In the past, no one ever asked me to pay their closing costs but every single one of them asked me this time. But like NC said, it doesn't matter how it's done, what matters is the bottom line. I think they do it because it gives them more money to put down. My last buyer asked me to pay for a home warranty. I said no way. They're a waste of money. Let them get it themselves if they want to waste money.

Also keep in mind that sometimes buyers ask for more than they expect so you have room to negotiate back and forth.

Anyway, it's great that you are getting all this action! Pick the one who is most likely to get a mortgage! I went through the process three times already. Now I'm about ready to drop the price again and say cash buyers only.


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RE: We have an offer

Lirio,
Conventional RE contracts do not have the seller paying for anything for the buyer before closing. If the seller agrees to pay for the buyer's CC, it is done at the time of closings. Most inspectors, surveyors, etc., will wait until closing.
Also, if a buyer can not get a mortgage late into the process, conventional RE contracts state that the Earnest Money Deposit is handed over to the seller. Sounds like your and LITH's contracts are not written up in a way to protect the seller very well.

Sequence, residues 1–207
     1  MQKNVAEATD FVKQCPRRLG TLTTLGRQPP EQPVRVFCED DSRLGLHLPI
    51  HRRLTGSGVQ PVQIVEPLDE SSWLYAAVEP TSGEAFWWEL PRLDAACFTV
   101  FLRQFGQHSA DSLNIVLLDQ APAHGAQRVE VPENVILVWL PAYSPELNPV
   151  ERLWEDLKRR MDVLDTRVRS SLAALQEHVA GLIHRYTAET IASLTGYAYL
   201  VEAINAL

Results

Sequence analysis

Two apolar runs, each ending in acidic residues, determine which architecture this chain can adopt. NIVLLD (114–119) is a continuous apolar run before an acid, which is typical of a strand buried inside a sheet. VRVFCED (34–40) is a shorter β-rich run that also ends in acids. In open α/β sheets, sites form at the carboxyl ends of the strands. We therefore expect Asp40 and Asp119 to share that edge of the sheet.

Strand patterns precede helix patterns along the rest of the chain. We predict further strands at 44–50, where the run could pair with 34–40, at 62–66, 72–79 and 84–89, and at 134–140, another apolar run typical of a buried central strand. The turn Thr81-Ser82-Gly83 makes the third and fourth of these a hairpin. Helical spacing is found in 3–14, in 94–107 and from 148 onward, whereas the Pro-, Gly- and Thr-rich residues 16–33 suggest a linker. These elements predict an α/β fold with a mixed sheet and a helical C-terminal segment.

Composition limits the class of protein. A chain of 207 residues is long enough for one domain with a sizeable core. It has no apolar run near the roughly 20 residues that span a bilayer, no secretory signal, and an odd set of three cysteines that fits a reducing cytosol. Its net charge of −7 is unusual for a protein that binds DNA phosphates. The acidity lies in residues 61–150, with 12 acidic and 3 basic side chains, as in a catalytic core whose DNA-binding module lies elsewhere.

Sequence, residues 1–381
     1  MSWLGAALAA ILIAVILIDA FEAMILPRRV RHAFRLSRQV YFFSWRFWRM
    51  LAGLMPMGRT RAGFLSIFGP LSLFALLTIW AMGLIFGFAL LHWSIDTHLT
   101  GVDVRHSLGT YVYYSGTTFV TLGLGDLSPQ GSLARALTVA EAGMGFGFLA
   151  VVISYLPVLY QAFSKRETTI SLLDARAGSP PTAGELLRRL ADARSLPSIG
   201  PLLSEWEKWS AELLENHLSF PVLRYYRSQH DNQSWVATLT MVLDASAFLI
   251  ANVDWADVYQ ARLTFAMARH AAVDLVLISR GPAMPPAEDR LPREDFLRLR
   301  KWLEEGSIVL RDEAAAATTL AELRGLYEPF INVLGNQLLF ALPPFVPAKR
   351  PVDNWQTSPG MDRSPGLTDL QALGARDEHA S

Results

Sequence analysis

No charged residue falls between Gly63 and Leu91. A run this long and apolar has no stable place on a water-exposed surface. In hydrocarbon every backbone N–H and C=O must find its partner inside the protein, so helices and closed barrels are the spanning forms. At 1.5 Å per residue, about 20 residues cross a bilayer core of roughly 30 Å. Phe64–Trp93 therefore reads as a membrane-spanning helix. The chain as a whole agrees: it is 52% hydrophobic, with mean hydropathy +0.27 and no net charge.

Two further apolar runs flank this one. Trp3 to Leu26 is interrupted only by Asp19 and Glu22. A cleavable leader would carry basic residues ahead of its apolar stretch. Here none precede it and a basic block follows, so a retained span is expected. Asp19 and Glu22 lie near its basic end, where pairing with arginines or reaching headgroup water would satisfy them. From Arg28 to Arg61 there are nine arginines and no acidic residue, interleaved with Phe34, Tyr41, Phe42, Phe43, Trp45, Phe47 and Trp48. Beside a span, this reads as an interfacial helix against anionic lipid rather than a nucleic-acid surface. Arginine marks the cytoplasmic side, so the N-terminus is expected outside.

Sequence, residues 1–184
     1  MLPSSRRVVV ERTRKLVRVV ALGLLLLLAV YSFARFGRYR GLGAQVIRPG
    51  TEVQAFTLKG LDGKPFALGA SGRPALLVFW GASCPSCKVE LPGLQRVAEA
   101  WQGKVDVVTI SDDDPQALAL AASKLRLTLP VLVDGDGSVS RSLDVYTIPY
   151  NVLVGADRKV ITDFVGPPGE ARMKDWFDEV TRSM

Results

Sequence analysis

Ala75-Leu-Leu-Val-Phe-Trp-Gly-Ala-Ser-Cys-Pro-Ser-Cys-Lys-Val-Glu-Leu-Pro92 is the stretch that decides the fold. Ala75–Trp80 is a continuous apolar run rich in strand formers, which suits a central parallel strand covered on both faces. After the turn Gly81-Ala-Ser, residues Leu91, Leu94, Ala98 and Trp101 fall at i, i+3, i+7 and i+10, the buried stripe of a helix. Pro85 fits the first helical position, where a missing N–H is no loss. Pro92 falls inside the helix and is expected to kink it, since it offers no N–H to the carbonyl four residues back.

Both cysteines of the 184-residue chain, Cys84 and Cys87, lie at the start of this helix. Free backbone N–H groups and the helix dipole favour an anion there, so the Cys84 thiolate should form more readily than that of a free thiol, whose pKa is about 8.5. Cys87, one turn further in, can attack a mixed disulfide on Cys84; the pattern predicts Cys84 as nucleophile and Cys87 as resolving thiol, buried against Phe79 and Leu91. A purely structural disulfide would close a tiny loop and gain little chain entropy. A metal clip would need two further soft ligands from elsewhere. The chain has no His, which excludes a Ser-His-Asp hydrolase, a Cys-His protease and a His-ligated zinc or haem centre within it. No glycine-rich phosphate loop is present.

LITH, I do not see why you would be out of the expense of the septic, well and termite inspection just because your buyer walked. Why can not you use them for the next buyer? If you do enter into another agreement with another buyer, get as large of a deposit as possible, and have a financing contingency. Did you get any deposit from your current buyer? Is there a financing contingency?


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RE: We have an offer

Thanks guys for all the nice comments and show of support. I really appreciate it.

LITH - I have been following your saga for a while now. I feel really bad you have had to deal with all this stuff. I know it has to be very frustrating, probably 10 times worse than what I am going through. I hope the sellers you have now will continue to go forward without any more glitches. I know this whole process has put you under a lot of stress for a long time, and I hope you are finally about to be done with it.